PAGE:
LAUREL, Maryland — A fresh image from NASA’s New Horizons spacecraft released Tuesday showed the mission’s distant flyby target a billion miles beyond Pluto — nicknamed Ultima Thule — has an elongated shape like that of a peanut shell or a bowling pin, and the prospect of higher-resolution pictures arriving on Earth later in the day had scientists salivating for more.

“I don’t know about all of you, but I’m really liking this 2019 thing so far,” said Alan Stern, the New Horizons mission’s principal investigator from the Southwest Research Institute. “We’re here to tell you that last night, overnight, the United States spacecraft New Horizons conducted the farthest exploration in the history of humankind, and did so spectacularly. Thousands of operations on board the spacecraft had to work correctly in order for us to be able to tell you this, and now we know that it all did.”

New Horizons phoned home hours after its encounter with Ultima Thule, and the ground team at the Johns Hopkins University Applied Physics Laboratory here confirmed the first signals from the probe since the flyby arrived on Earth at 10:31 a.m. EST (1531 GMT) Tuesday.

Subsystems aboard New Horizons looked good at first check, including the probe’s solid state recorders, indicating the spacecraft gathered the data intended during the flyby of Ultima Thule, the most distant planetary body ever explored up-close by a space mission.

“We have a healthy spacecraft, we’ve just accomplished the most distant flyby,” said Alice Bowman, mission operations manager, known by the acronym MOM.

An hour later, scientists gathered in a press conference to present a new image of Ultima Thule.

Alan Stern, the New Horizons mission’s principal investigator from the Southwest Research Institute, joked that it’s “OK to laugh” at the blurry image released Tuesday, which was the sharpest view the spacecraft’s Long-Range Reconnaissance Imager, or LORRI, black-and-white camera obtained of Ultima Thule before zipping past the object at a velocity of more than 32,000 mph (14 kilometers) per second at 12:33 a.m. EST (0533 GMT) New Year’s Day.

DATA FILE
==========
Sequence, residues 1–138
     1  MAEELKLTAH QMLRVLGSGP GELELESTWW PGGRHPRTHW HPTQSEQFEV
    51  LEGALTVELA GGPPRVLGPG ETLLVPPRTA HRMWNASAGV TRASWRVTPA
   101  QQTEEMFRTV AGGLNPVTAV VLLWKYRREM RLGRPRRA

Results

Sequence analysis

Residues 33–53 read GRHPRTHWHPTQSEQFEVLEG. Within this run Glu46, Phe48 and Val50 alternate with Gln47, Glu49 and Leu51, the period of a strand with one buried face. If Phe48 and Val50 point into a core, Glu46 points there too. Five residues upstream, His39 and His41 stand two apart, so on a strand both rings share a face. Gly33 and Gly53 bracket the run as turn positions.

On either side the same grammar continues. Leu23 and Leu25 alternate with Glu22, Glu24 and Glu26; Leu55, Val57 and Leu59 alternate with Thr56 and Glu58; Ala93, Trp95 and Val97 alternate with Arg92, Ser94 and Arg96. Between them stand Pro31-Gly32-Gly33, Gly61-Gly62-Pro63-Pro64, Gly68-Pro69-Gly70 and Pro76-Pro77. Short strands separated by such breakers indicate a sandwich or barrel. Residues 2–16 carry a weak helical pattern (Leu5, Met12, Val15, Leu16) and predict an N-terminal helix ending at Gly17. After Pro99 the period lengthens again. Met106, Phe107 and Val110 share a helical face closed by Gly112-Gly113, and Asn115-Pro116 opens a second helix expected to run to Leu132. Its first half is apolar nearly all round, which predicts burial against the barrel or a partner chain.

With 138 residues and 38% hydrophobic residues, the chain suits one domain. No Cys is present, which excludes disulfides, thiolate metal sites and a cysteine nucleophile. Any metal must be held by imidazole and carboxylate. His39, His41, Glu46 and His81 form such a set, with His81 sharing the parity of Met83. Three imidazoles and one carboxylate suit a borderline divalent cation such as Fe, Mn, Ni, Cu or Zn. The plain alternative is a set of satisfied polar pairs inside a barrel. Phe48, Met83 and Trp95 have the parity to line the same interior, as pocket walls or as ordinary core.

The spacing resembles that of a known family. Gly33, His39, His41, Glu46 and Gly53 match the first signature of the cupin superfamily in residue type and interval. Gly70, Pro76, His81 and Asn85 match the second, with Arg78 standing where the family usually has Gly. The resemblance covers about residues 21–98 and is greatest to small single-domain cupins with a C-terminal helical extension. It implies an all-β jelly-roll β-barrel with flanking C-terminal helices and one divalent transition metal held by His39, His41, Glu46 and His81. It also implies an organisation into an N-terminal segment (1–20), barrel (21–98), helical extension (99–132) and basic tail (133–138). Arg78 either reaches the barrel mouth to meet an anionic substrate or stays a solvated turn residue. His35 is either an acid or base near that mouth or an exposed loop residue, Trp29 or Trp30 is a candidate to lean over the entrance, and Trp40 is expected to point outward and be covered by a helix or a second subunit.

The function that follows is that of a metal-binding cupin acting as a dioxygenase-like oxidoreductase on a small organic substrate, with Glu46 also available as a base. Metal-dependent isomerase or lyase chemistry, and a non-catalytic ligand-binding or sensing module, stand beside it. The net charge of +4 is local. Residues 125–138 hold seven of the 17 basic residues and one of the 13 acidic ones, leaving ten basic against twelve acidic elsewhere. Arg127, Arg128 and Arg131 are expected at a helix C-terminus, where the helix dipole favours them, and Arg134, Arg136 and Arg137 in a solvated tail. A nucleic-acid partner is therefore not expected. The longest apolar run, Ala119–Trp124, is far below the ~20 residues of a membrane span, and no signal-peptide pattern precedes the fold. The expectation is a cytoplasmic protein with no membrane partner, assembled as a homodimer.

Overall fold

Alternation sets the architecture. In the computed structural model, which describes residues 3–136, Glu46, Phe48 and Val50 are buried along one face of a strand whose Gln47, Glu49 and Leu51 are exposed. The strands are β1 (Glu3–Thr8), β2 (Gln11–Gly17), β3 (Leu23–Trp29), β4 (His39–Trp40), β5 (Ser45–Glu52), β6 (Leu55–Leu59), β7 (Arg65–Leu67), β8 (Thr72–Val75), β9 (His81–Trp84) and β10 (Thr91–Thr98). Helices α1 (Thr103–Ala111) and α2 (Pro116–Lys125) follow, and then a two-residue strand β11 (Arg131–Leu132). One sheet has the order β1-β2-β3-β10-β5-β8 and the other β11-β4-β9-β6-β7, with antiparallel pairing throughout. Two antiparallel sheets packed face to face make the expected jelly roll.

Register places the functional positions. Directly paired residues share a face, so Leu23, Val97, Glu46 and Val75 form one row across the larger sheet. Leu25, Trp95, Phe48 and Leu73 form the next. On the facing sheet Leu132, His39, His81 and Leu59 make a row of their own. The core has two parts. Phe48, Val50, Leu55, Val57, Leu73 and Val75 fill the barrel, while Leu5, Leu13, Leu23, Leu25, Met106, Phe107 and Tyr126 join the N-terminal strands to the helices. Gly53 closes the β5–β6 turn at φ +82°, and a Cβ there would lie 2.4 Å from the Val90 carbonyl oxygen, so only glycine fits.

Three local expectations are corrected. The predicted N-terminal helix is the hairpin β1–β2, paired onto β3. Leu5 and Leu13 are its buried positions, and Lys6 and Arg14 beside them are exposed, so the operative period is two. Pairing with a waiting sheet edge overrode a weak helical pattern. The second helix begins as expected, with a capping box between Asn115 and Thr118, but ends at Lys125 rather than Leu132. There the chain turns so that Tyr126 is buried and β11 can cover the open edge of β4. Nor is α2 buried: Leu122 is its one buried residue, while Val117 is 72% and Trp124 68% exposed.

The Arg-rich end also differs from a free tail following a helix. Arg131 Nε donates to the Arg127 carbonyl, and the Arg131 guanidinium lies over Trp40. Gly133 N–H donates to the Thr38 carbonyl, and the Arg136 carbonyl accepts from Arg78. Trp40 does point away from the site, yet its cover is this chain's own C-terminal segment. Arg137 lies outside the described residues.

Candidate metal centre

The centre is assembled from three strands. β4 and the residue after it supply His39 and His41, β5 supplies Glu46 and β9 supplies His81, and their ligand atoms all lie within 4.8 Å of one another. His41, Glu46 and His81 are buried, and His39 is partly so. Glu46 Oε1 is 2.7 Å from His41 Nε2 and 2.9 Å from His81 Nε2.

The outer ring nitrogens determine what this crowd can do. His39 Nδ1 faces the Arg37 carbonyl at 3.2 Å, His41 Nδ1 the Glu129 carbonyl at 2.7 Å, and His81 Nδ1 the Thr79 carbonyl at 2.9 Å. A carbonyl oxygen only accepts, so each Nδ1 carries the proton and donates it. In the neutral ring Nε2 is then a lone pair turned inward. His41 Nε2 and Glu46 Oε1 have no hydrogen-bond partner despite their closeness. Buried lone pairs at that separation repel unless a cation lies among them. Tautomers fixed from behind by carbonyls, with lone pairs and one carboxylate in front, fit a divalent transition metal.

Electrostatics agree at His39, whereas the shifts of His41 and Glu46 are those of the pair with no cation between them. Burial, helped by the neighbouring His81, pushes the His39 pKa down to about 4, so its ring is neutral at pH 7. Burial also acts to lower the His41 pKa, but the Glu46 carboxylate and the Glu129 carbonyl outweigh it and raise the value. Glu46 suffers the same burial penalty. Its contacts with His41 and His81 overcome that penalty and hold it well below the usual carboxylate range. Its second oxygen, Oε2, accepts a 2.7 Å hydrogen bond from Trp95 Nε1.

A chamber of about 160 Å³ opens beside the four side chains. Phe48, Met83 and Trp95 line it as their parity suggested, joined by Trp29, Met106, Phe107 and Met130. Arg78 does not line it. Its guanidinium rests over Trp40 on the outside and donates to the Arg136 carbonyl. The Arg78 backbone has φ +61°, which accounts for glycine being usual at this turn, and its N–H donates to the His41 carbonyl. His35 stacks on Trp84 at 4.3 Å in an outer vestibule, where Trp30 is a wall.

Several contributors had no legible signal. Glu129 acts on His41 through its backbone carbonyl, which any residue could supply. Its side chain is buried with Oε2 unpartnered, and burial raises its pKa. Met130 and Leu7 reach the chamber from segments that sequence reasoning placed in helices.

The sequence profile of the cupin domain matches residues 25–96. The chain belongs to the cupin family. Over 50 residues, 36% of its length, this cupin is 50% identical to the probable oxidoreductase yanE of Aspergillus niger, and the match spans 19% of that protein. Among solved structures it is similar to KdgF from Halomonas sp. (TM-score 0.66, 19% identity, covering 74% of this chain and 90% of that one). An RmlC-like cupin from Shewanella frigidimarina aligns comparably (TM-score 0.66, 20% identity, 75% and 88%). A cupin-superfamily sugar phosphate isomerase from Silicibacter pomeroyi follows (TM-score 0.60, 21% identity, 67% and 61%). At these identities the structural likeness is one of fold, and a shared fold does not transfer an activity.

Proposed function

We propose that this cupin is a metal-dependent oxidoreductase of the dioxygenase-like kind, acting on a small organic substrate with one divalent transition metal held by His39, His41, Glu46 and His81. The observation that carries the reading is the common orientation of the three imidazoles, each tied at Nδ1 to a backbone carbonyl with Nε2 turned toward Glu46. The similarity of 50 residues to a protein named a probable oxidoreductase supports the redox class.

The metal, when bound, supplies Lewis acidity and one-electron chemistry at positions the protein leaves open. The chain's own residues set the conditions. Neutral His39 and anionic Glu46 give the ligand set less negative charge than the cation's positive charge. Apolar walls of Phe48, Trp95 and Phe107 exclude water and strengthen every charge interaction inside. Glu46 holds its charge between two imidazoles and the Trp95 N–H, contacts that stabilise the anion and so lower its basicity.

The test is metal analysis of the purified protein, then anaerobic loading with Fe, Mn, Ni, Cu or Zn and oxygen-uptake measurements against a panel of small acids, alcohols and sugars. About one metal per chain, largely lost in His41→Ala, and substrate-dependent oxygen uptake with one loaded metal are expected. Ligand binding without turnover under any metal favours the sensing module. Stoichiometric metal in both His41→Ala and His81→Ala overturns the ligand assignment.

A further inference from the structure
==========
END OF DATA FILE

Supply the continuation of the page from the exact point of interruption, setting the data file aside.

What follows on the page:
“But it’s better than the one we had yesterday,” Stern told an auditorium of scientists, reporters and space enthusiasts gathered at the Johns Hopkins University Applied Physics Laboratory, where the New Horizons spacecraft was built and home to the mission control center.

“In my line of work, we like to interpret even images like this. … First, we have a better handle on the size of Ultima, it’s about 35 by 15 kilometers (21 miles by 9 miles),” Stern said. “Secondly, you see its irregular shape. There are two possibilities here. One possibility is that it’s bilobate with the upper lobe being smaller than the lower lobe, so they would be asymmetric. Or it may be these are two things that are actually in orbit around each other and just blurred together because of their proximity. Tomorrow, we will know which of those is the case.”

Scientists have already been able to solve one mystery about Ultima Thule, which has an official name of 2014 MU69, designating its discovery by astronomers using the Hubble Space Telescope in 2014.

“Ultima is finally revealing its secrets to us,” said Hal Weaver, New Horizons project scientist at APL. “Even though it’s a pixelated blob still, it’s a better pixelated blob than the day before. In fact, these images have allowed us to resolve something that was really puzzling to the scientists.”

The axis of Ultima Thule’s rotation appears to be pointing roughly toward the direction of the New Horizons spacecraft’s approach, giving it the appearance of spinning like a propeller. That would explain why scientists did not see any significant change in Ultima Thule’s brightness as New Horizons homed in on the distant, icy world, which kept the team from determining its rotation rate.